"I Can't Afford a Vacation."
With the tanking US economy, savings evaporating overnight and job insecurity, it's no
wonder so few people are traveling this year. Even I canceled my extended summer vacation and will be doing a shorter autumn trip, so I can commiserate with what you are feeling.
There are some alternatives to your usual, and more expensive, summer vacation.
Many people seem to be opting for camping, hoping to save the cost of a hotel room. This is a low-cost alternative assuming you don't have to purchase a tent and you
figure in the cost of a campsite. Most places charge anywhere from $10 to $45 per night per space, so roughing it may not be that big of a savings -- especially when you
calculate the investment in equipment and supplies like coolers, laterns and sleeping bags. And if you don't really like being that close to the great outdoors, it won't seem
like much of a vacation.
I spent three nights in Sedona this summer, and paid $65 per night. The room featured a king-size bed,
fireplace, granite countertops and sitting area -- plus a continental breakfast. Yep, they were hurting for my
business. I couldn't have camped for that kind of money, nor would it have been much of a trip. You should
consider that with greater demand for campgrounds the rates will likely increase, while hotel rates are dropping like a rock.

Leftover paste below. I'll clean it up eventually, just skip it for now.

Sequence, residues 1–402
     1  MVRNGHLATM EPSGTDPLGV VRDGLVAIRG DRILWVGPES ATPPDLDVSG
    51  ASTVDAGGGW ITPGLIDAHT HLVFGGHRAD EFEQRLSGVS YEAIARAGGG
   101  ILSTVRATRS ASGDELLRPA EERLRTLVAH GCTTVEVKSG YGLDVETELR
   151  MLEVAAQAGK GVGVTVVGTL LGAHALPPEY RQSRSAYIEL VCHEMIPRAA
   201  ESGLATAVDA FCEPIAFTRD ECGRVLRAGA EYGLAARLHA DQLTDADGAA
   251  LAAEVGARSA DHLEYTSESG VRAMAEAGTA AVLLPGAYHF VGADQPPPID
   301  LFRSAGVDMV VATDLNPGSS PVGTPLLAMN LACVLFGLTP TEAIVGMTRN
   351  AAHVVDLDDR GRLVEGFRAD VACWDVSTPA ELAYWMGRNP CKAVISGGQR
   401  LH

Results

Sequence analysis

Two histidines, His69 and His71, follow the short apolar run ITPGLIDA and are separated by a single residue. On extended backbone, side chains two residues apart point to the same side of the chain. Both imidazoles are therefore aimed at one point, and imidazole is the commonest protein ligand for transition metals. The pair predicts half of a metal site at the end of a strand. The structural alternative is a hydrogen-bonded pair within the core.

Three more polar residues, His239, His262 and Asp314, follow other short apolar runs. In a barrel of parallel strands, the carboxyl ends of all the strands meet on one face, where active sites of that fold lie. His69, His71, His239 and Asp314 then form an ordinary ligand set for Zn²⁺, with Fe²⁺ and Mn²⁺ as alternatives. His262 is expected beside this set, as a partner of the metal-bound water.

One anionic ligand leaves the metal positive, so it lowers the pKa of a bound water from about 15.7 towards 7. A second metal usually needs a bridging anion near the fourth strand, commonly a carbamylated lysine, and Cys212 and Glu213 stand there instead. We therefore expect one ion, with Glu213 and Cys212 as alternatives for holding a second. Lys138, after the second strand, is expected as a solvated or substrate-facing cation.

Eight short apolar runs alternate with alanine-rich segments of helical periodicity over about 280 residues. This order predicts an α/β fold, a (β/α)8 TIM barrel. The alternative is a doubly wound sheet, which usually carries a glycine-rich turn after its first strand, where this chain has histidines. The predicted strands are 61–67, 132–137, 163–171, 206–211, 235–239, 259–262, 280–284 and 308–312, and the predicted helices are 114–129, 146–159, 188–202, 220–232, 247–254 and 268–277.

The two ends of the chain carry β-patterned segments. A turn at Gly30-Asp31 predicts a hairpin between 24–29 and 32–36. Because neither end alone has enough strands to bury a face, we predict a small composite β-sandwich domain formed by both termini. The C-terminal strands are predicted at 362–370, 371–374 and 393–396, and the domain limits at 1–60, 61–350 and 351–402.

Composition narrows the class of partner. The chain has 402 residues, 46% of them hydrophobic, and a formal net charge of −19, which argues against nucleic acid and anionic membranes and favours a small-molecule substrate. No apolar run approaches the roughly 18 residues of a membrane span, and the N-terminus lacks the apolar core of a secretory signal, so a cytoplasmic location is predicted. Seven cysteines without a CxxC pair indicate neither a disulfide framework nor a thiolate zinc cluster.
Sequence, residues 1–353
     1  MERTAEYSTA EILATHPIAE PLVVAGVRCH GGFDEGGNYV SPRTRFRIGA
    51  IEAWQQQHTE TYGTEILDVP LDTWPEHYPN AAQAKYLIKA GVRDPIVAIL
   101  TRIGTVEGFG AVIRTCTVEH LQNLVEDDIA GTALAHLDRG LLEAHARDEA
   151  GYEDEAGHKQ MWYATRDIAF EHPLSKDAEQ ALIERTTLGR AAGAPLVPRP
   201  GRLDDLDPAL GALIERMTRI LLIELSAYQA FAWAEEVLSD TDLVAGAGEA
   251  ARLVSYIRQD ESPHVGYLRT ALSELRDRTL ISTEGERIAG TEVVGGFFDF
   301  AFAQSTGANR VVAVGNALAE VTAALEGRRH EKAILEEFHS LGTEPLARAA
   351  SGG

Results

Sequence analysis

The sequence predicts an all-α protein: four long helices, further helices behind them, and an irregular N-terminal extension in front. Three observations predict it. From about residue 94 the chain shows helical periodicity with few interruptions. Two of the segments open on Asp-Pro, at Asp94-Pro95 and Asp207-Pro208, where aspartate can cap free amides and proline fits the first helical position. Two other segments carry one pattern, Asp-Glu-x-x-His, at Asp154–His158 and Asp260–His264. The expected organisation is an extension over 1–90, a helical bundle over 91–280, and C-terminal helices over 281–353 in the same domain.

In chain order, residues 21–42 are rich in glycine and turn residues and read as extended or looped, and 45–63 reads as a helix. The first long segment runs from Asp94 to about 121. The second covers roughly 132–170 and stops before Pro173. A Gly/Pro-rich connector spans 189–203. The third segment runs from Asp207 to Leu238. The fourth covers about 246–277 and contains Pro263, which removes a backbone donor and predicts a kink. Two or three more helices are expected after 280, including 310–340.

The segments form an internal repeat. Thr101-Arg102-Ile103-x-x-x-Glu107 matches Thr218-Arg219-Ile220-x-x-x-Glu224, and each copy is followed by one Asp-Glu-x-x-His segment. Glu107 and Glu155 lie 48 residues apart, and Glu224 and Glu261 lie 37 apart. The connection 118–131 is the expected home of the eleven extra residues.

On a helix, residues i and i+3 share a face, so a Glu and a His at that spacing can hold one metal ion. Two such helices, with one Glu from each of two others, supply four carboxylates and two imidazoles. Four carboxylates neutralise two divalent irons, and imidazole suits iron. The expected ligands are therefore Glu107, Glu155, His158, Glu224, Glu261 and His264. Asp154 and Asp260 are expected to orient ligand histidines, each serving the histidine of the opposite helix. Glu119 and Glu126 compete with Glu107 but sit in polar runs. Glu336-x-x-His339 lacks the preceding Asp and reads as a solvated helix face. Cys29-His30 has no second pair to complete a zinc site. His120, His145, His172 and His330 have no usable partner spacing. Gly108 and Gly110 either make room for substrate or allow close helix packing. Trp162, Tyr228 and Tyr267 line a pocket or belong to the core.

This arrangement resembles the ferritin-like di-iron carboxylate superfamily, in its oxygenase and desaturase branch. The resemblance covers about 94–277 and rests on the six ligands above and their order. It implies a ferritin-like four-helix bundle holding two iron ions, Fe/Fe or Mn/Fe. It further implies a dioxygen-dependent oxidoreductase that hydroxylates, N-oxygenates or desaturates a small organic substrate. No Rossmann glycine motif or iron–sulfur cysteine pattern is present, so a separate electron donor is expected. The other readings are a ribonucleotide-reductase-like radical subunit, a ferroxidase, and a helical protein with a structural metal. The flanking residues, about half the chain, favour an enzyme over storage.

Instead of attempting to save money by lowering the quality of your vacation, try reducing the duration and
distance. Shorter trips will still give you a sense of relaxation without having to worry about the cost. Also, if you
avoid weekends, you're likely to save money on the hotel room as well. I've seen some rates drop by 50% if you
stay during the week. Instead of starting on Saturday and staying seven days, start on Sunday and return on Thursday.
Another way to save money is to explore your own backyard. Try visiting the National
Parks in your own area, or choose destinations within a short drive of home. If you live in Arizona, this would be a great year to visit the Grand Canyon and Lake Powell. If you
live in Las Vegas, now would be an excellent time to spend a few days on Lake Mead or Lake Mohave. Or incorporate some free or inexpensive activities such as fishing
(assuming you already own tackle), hiking or just sightseeing. An excellent place for low-cost fun is Zion National Park.
Many people email me and ask me how to save money on their planned itinerary. I can
often suggest ways that they haven't considered. For instance, if they are taking a train trip to the Grand Canyon, I recommend taking a lower class of service on the way to the
canyon (because you are going to spend most of the time looking out the window anyway) and opting for a better class of service on the return (and you'll want to take
advantage of the food). Or at Lake Powell, I recommend people take the half-day Rainbow Bridge tour instead of the all day excursion and then bring their own lunch
If you usually spend thousands on a vacation every year and can't afford it now, it doesn't mean you can't do a
getaway and still relax.
TAGS: money saving travel, Lake Powell, short vacations, camping, houseboats, getaway